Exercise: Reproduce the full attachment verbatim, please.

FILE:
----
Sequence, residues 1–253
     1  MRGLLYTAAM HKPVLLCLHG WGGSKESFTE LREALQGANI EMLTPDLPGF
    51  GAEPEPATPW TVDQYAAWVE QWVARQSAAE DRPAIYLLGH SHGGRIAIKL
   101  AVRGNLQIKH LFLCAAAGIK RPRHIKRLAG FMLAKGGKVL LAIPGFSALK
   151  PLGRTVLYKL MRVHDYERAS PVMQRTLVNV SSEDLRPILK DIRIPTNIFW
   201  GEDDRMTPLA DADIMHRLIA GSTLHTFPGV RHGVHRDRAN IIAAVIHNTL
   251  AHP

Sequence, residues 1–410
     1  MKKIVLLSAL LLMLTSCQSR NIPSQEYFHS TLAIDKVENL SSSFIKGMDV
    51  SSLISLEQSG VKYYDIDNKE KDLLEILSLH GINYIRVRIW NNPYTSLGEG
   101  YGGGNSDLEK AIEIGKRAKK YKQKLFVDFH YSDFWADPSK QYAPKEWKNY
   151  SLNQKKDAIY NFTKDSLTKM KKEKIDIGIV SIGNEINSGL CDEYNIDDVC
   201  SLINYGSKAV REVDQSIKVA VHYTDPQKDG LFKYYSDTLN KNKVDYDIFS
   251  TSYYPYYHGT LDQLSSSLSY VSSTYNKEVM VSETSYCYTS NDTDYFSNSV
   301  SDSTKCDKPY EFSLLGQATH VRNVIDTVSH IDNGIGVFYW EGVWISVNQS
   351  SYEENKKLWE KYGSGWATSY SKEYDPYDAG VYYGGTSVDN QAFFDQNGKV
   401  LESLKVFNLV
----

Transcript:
Sequence, residues 1–253
     1  MRGLLYTAAM HKPVLLCLHG WGGSKESFTE LREALQGANI EMLTPDLPGF
    51  GAEPEPATPW TVDQYAAWVE QWVARQSAAE DRPAIYLLGH SHGGRIAIKL
   101  AVRGNLQIKH LFLCAAAGIK RPRHIKRLAG FMLAKGGKVL LAIPGFSALK
   151  PLGRTVLYKL MRVHDYERAS PVMQRTLVNV SSEDLRPILK DIRIPTNIFW
   201  GEDDRMTPLA DADIMHRLIA GSTLHTFPGV RHGVHRDRAN IIAAVIHNTL
   251  AHP

Sequence, residues 1–410
     1  MKKIVLLSAL LLMLTSCQSR NIPSQEYFHS TLAIDKVENL SSSFIKGMDV
    51  SSLISLEQSG VKYYDIDNKE KDLLEILSLH GINYIRVRIW NNPYTSLGEG
   101  YGGGNSDLEK AIEIGKRAKK YKQKLFVDFH YSDFWADPSK QYAPKEWKNY
   151  SLNQKKDAIY NFTKDSLTKM KKEKIDIGIV SIGNEINSGL CDEYNIDDVC
   201  SLINYGSKAV REVDQSIKVA VHYTDPQKDG LFKYYSDTLN KNKVDYDIFS
   251  TSYYPYYHGT LDQLSSSLSY VSSTYNKEVM VSETSYCYTS NDTDYFSNSV
   301  SDSTKCDKPY EFSLLGQATH VRNVIDTVSH IDNGIGVFYW EGVWISVNQS
   351  SYEENKKLWE KYGSGWATSY SKEYDPYDAG VYYGGTSVDN QAFFDQNGKV
   401  LESLKVFNLV